Hypnotize Lyrics

The Evolving Complexity In The Construction Of Rap Lyrics


Right on the heals of this large hip hop mixtape dump comes an enlightening Vox video that explores the advancing complexity of rap lyrics and rhyme construction. Employing the research of Martin Connor and some helpful visual aids, the video explores how the best artists manipulate words, rhymes, beats, and motifs in continually sophisticated ways.

Here is a playlist highlighting songs used in the video and others that are choice examples of how outstanding rhyming in rap can be.

Chance The Rapper

A Collection Of Thousands Of Hip Hop Mixtapes

Chance The Rapper

Jason Scott has uploaded thousands and thousands of hip-hop mixtapes to the Internet Archive (almost 6,000 to date). He says he has access to over 17,000 tapes and somewhere close to that number might end up on the Archive over the next few months. There is obviously a ton of hip-hop culture to dig through here. Jason notes:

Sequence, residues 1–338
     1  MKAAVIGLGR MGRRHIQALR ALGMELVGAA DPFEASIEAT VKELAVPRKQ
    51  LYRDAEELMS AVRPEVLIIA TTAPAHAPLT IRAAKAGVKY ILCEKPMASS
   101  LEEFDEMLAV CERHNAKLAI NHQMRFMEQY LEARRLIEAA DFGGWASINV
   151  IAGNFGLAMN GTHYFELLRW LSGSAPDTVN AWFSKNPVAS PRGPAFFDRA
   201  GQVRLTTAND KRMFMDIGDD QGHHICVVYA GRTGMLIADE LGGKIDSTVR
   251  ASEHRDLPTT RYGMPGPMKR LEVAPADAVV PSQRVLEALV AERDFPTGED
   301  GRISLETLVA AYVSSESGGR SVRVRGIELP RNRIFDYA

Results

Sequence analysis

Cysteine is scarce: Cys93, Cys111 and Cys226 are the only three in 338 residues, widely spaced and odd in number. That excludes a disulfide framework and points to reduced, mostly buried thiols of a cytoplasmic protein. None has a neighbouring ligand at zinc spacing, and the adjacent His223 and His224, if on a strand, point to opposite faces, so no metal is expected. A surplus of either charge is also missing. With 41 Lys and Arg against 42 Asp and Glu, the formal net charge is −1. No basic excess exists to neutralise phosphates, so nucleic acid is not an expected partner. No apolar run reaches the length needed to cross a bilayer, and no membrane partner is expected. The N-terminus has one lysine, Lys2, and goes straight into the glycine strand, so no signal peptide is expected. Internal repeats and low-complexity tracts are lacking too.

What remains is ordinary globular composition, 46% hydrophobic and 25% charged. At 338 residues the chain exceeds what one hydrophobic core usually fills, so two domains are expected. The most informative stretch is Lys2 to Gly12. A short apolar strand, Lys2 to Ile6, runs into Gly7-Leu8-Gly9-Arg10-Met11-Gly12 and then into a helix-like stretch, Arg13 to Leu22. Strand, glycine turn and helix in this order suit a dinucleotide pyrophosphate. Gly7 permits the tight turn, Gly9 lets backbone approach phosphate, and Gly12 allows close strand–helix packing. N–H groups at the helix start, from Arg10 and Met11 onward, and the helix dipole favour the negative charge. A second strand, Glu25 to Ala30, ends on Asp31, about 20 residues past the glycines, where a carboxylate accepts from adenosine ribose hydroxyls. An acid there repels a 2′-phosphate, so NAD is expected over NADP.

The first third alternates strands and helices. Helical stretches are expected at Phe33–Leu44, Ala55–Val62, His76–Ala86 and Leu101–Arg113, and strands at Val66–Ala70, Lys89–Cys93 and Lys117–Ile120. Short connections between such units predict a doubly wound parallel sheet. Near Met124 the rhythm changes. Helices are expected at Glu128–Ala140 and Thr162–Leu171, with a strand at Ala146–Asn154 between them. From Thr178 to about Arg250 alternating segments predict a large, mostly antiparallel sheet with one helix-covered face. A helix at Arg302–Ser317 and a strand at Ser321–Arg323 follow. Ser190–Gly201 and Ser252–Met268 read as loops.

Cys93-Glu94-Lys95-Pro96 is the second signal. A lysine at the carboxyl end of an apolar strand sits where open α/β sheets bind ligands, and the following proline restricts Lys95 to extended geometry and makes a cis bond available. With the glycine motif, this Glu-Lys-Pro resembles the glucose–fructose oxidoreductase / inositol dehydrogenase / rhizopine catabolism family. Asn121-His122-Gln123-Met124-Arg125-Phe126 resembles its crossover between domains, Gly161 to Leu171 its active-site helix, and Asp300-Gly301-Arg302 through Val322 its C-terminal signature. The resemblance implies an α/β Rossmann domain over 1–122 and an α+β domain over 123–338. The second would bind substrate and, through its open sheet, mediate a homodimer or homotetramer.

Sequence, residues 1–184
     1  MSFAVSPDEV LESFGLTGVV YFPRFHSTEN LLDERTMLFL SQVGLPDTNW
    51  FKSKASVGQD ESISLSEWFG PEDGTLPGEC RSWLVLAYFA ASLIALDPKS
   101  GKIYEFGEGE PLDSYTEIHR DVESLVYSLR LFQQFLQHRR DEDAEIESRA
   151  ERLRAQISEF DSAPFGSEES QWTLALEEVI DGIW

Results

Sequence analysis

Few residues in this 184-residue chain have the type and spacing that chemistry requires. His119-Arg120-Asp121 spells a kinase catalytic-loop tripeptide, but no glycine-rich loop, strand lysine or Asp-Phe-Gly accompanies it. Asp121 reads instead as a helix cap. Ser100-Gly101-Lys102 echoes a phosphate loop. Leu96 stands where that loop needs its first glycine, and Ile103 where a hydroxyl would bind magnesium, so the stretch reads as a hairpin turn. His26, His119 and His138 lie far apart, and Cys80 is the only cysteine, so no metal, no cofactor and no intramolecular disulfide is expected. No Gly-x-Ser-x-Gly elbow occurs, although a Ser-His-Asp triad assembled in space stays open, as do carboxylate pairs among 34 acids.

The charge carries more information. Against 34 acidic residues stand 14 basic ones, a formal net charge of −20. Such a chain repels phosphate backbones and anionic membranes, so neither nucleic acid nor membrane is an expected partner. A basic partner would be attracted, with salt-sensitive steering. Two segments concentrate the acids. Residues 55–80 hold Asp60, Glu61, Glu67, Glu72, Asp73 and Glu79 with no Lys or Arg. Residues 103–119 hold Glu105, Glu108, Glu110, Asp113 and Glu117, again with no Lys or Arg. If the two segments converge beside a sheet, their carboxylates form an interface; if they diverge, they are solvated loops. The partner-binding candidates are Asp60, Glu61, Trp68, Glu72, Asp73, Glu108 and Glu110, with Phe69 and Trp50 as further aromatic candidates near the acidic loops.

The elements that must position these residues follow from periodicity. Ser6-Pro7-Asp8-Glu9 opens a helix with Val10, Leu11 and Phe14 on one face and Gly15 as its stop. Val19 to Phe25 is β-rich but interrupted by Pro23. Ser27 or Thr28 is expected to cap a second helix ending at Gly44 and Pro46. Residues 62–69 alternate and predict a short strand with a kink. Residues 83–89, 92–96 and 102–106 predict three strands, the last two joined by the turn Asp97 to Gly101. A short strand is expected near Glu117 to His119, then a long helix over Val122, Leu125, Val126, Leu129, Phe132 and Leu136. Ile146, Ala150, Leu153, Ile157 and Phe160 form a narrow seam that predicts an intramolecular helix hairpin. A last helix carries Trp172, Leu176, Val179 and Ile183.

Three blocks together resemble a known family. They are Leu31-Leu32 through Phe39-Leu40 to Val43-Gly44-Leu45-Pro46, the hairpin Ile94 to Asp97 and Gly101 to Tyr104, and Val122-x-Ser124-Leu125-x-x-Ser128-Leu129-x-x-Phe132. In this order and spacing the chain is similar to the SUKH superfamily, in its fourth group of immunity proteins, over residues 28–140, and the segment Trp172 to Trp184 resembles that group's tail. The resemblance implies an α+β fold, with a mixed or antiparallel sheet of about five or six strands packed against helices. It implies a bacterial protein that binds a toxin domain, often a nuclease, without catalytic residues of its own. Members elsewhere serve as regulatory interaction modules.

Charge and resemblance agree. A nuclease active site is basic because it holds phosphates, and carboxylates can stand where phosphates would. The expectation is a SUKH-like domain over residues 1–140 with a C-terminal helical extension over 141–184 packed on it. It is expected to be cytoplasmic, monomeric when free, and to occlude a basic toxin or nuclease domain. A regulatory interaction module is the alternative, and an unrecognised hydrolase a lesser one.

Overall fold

There’s a lot coded into the covers of these mixtapes (not to even mention the stuff coded into the lyrics themselves) – there’s stressing of riches, drug use, sexual drive, and oppression. I’m personally fascinated at the amount of reference to codeine and the purple color of “Purple Drank”, which, if you’ve missed that subject matter up to now… good for you.

If you’re new to the world of hip-hop mixtapes (as I am) the links below should get your discovery started

This is a great time to point out that the Internet Archive is an invaluable resource. In these times of link rot and the haphazard closing of essential web services (we miss you Google Reader) the Internet Archive is, well, archiving the web. The Wayback Machine now indexes over 435 billion webpages going back nearly 20 years.

The end goal here, like all the things I do in this realm, is simple: Providing free access to huge amounts of culture, so people can reference, contextualize, enjoy and delight over material in an easy-to-reach, linkable, usable manner. Apparently it’s already taken off, but here you go too.